We all know that Warren Buffet is quoted as saying “Don’t Lose Money!”. And that most seasoned traders laugh at the fact that many novice investors avoid losing money simply by holding on to losing positions until (hopefully) they recover; thereby never registering their “paper losses” as real losses… until it’s too late.
I used to laugh at those people, too, and I would have been one of the first to agree with Robbie Burns (aka. The Naked Trader) that you should “Cut Your Losses While You Can“. But now I’m not so sure.
Suppose a particular banking stock has fallen in price from a lofty 1000p-per-share to a lowly 100p-per-share (or worse), as many had done in the not-too-distant past. You might decide to invest a modest £1000 in the hope of an eventual £10,000 reward for your £1,000 risk. If you’re willing to accept those odds (who wouldn’t?) then there is really little point in crystallising your loss by closing your position when the value of your “investment” falls from £1000 to £750 or even £500.
Note that it’s different if you invested £100,000 in this same banking stock when it was priced at an all-time-high 1000p-per-share and your life savings are now ebbing away. But why the hell did you take that trade in the first place?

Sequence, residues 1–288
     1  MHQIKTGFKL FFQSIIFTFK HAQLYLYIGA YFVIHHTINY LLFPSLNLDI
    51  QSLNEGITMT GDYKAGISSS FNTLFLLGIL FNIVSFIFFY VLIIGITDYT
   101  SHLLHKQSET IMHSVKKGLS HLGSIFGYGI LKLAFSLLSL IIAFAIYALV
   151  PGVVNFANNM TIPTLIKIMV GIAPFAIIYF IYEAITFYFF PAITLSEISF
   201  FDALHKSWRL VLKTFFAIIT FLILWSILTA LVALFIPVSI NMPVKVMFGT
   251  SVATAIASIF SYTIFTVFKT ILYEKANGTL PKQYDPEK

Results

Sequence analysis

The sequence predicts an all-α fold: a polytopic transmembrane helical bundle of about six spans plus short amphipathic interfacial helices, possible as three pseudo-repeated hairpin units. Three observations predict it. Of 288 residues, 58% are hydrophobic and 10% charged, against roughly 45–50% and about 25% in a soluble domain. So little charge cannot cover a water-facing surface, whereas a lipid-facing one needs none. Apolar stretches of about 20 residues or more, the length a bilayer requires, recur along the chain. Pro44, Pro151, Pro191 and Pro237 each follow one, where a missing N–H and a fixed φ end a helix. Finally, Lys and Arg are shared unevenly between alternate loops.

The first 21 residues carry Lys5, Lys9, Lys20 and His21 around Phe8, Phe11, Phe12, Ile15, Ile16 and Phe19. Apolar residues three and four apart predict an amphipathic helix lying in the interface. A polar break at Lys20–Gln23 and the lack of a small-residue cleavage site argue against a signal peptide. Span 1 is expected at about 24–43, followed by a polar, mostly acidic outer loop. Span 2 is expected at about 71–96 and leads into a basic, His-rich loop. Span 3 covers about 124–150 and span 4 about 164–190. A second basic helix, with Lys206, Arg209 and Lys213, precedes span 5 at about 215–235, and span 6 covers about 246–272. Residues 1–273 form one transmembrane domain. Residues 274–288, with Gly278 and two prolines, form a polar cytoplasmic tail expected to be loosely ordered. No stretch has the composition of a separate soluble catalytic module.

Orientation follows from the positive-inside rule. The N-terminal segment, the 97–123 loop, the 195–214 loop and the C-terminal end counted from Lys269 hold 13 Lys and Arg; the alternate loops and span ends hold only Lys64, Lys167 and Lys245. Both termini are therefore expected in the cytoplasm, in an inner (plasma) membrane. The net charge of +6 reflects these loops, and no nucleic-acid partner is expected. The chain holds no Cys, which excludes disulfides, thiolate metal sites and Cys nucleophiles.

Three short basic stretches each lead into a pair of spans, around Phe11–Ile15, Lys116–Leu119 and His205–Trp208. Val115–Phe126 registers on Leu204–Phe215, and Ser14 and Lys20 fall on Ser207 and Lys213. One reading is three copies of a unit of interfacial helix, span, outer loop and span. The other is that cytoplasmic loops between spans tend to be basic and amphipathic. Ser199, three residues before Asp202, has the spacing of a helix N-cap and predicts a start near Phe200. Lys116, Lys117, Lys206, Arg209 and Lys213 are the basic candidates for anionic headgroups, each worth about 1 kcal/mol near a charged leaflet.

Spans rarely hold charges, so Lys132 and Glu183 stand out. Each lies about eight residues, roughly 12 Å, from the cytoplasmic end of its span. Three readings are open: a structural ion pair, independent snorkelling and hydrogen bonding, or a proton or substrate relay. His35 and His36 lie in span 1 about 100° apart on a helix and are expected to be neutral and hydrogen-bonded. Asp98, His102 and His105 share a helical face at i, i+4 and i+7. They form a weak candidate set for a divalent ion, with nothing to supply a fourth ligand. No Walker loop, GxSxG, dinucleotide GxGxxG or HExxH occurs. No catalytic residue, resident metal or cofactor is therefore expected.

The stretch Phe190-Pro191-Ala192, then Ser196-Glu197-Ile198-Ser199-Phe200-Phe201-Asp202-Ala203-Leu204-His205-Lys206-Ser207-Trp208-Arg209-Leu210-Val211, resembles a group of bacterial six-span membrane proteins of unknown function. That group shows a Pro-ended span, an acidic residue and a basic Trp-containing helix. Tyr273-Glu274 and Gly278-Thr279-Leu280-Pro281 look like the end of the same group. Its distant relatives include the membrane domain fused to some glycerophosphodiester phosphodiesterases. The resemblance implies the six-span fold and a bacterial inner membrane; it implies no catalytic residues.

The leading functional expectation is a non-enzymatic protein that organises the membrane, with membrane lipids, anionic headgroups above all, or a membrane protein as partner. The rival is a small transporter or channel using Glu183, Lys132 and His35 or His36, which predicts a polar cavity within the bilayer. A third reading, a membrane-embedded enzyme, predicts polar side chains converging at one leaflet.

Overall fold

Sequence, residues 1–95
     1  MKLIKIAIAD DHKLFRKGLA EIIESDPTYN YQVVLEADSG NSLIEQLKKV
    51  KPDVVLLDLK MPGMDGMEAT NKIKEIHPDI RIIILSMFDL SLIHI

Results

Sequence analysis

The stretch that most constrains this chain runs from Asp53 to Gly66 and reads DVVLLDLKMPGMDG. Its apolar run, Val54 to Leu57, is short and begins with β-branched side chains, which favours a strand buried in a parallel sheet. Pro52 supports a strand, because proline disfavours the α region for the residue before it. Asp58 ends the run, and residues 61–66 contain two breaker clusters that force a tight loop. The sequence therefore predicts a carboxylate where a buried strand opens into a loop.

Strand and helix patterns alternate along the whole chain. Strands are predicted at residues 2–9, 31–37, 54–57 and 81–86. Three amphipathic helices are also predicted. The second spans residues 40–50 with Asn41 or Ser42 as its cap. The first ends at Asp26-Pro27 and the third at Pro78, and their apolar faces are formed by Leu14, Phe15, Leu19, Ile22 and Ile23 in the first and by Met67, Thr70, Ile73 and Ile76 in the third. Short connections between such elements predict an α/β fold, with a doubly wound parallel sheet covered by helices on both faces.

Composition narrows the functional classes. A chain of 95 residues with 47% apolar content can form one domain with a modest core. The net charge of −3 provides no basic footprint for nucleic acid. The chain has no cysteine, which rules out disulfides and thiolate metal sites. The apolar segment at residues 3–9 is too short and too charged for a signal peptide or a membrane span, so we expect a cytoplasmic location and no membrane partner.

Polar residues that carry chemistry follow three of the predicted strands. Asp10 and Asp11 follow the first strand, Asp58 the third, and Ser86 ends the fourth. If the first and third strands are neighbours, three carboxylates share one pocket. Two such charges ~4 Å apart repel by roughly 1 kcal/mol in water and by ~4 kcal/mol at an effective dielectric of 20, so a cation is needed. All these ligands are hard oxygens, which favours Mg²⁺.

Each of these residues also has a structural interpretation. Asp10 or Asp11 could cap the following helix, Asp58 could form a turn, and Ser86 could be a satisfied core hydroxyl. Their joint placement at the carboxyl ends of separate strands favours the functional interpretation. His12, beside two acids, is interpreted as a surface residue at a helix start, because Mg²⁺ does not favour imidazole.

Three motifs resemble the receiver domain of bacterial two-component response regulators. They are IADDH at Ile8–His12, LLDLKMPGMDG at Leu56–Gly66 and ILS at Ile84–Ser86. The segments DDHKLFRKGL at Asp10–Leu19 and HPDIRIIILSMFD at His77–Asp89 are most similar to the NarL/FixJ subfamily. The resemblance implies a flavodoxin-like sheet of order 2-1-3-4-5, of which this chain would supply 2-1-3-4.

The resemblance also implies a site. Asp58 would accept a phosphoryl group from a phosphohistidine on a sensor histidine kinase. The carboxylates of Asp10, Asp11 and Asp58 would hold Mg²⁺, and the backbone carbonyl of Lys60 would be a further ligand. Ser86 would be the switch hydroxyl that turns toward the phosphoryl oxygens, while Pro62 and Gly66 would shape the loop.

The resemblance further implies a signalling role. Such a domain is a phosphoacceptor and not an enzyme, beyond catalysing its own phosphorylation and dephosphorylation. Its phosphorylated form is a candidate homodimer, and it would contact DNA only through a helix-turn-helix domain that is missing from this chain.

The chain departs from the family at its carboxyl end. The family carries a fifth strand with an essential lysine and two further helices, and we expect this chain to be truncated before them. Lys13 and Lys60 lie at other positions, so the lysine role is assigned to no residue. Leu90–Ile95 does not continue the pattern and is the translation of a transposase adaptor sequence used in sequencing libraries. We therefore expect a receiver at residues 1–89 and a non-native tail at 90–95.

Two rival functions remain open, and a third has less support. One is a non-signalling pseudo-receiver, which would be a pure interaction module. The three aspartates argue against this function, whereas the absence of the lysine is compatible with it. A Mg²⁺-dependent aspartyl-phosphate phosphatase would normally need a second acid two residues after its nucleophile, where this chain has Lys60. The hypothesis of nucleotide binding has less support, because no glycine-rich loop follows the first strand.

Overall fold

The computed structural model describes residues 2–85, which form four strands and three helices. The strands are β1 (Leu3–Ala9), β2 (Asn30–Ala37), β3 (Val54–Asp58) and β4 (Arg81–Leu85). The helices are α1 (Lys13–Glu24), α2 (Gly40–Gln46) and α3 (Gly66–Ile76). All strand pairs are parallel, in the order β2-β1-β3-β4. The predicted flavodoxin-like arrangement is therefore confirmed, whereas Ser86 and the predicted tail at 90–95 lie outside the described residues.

Anyway, if I’m happy to hold onto losing positions in the hope of an eventual recovery, where does this leave my fondness for stop orders? Well, I’ve often said that they are just as useful for freeing up margin (in a spread betting account) or for “locking in” profits as they are for stopping losses.
If your £1000 investment in Big Bank plc (not a real bank) grows to £1,500, feel free to apply a stop order that will take you out of position with at least £250 worth profit… but which nonetheless allows your position some wriggle-room to continue appreciating.
The new golden rule is: don’t ever exit a position at a loss!
..as long as a total wipe-out (i.e. the company goes bust) won’t wipe you out, which is where sound money management, prudent position sizing, and diversification come in. Incidentally, those are features of my position trading approach.
Never exiting a position at a loss doesn’t mean cashing in your chips at the first sign of a profit, because we have to run those profits. What’s the point in taking a 10:1 reward:risk trade if you never realise the 10x upside… or anything like it?
Unfortunately, some spread betting companies and most if not all conventional stockbrokers, don’t offer guaranteed stop orders. But some of them offer something similar in the form of “stop-with-limit” or “boundary” orders whereby you are assured to stop out within your specified range… or not at all. They don’t guarantee an exit at a known profit, but they can guarantee that you won’t be taken “out of position” at a loss… providing you’re happy for that loss to remain a “paper loss” until such time as the price recovers again.
The bottom line: If you only ever exit positions for a profit, and never at a loss, you will surely make money! If only it were that simple.
Two Steps to Better Spread Betting:
Disclaimer: this posting is for general education only; it is not trading advice.